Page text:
I ask Rachel how she made out with her new nurse practitioner.
“I fired her,” she grunts.
“She was a Plan A person.”
We’ve developed a verbal shorthand over the years, so I know what she means.
“You could tell?” I ask.
She sighs. “From the moment we met. She kept me waiting twenty-five minutes, and when I finally got in I was frustrated. She saw it and her back went up. That was strike one.”
“Then I asked if she’d gotten the note you faxed over about my diagnosis and treatment. ‘Yes, I think I saw something like that,’ she said, ‘but I tossed it.’ “
“Yeah. Strike two. Then about thirty minutes into the meeting I was asking why she was recommending one med over another, and she was evasive — you know, handling me like a patient. So I questioned her harder. Guess what she said?”
“She said, ‘Are you getting short with me, Rachel?'”
“What did you say?”
“I stood up and said, ‘I’m sorry, but you won’t do,’ and I left.”
I laugh. “Rachel, I think I love you.”
Bernie Siegel writes,
The thing you see in survivors is that they express feelings. I won’t say some of the things they tell their doctors, when doctors tell them they’re going to die in six months. Boy, do they let the doctor know how they feel about that statement.
Siegel is a surgeon who noticed a correlation between cancer and codependency — burying feelings, people-pleasing, avoiding conflict, deferring to authority. He also noticed that the patients most likely to survive cancer were those who learned to replace their codependent coping with honesty, assertiveness and authentic expression. He created support groups designed to teach them these life-saving skills, and called the people who attended them “exceptional patients.”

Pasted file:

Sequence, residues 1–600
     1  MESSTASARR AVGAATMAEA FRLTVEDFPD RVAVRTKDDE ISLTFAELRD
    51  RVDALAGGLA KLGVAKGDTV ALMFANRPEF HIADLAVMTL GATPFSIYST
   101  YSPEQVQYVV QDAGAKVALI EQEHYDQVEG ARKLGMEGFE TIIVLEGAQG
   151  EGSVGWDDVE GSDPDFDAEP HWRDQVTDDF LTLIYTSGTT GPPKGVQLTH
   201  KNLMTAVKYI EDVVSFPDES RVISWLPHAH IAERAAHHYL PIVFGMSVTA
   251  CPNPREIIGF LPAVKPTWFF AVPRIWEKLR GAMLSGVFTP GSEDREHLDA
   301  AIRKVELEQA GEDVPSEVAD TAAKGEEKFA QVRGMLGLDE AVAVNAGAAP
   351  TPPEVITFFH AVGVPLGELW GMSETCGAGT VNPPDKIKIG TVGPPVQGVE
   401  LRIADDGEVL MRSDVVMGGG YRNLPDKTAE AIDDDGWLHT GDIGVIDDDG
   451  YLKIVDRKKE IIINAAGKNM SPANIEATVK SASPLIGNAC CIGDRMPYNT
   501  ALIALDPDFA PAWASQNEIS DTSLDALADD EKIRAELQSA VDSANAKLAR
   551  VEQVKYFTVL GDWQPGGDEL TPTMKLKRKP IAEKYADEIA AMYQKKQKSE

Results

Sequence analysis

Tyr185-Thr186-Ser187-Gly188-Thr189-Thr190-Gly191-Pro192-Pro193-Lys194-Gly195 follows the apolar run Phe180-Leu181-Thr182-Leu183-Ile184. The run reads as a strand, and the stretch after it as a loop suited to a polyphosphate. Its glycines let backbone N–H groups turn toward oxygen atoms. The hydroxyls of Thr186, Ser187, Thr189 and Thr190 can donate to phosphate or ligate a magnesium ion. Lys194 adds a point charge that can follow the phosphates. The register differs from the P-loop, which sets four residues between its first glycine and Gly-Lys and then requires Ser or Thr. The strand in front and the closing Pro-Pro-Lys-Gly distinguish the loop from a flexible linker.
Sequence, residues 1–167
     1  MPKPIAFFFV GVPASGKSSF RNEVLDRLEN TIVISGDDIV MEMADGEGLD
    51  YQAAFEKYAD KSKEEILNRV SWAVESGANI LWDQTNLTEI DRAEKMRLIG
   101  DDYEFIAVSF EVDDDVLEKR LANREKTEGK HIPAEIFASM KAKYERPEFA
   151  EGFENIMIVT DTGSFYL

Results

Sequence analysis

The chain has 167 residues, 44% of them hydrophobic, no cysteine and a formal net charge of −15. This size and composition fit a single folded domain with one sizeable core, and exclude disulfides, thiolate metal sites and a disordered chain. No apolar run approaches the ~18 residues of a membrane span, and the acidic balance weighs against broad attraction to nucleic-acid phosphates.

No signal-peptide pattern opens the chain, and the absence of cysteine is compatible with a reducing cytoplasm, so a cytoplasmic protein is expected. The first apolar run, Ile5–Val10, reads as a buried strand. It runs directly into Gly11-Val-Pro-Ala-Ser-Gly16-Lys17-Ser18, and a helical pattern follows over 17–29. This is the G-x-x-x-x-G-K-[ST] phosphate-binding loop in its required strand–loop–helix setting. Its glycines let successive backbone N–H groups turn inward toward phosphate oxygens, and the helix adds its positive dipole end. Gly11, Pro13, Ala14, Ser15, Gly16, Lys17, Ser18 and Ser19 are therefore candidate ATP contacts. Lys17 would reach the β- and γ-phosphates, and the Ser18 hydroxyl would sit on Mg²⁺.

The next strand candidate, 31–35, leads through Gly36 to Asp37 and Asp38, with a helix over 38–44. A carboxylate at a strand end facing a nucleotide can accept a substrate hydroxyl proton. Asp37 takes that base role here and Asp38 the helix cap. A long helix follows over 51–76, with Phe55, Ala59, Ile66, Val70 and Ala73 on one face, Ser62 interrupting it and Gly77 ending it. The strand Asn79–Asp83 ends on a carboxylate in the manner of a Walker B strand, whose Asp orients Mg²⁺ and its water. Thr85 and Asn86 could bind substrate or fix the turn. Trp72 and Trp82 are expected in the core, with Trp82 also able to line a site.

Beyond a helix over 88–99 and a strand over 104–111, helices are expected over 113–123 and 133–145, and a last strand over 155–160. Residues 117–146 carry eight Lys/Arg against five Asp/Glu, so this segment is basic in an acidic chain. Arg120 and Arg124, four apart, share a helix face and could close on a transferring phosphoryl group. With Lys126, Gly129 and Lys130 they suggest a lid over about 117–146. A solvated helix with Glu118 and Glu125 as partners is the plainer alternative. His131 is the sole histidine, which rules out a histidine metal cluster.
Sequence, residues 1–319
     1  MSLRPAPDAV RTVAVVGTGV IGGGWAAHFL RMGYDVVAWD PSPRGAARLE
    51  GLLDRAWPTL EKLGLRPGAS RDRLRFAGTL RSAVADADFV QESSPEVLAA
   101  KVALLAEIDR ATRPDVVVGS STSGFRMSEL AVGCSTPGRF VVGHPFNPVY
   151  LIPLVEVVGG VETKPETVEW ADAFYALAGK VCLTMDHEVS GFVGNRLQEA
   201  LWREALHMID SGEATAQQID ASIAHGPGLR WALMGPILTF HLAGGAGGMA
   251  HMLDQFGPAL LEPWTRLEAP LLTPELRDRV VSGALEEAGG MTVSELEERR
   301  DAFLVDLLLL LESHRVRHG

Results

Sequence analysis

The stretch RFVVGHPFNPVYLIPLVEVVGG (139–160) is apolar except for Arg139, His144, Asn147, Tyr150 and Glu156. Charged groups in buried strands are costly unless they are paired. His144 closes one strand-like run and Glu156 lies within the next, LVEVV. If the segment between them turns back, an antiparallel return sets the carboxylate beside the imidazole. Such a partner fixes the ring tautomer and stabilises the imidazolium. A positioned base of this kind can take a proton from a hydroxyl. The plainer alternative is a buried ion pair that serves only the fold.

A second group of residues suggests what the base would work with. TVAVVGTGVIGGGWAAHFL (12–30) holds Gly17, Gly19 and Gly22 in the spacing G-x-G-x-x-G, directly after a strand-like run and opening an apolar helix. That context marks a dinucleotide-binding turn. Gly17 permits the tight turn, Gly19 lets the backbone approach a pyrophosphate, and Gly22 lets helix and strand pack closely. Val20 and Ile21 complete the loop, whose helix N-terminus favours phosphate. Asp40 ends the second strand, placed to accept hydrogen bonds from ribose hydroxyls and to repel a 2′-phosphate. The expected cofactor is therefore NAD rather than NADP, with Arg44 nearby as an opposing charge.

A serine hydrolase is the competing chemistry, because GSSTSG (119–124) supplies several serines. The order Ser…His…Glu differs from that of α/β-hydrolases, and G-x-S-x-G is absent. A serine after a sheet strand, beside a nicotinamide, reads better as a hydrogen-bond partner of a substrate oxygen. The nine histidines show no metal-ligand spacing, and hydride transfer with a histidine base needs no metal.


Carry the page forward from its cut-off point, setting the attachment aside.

I call them Plan B people.
Plan B people are those who outgrow the Plan A we all learn as children. Plan A is control addiction, a fear of rejection that leads t0 self-doubt, emotional constipation, image management, and compulsive attempts to get other people to react to us in the way we want.
It’s Plan A that lies behind our tendency to take others’ feelings personally, wall off instead of opening up, and defend instead of communicating — the things Rachel noticed in the nurse practitioner.
She spotted it because she’d done it herself for years.
And she fired the nurse because she’d learned, through her own struggles with anxiety and depression, that Plan A is bad news.
That addiction to control can’t coexist with emotional or physical health.
That it’s not just ineffective, it makes you sick.
And that it’s the opposite of loving and taking care of yourself.
Or as Bernie Siegel puts it,
One’s attitude towards oneself is the single most important factor in healing and staying well.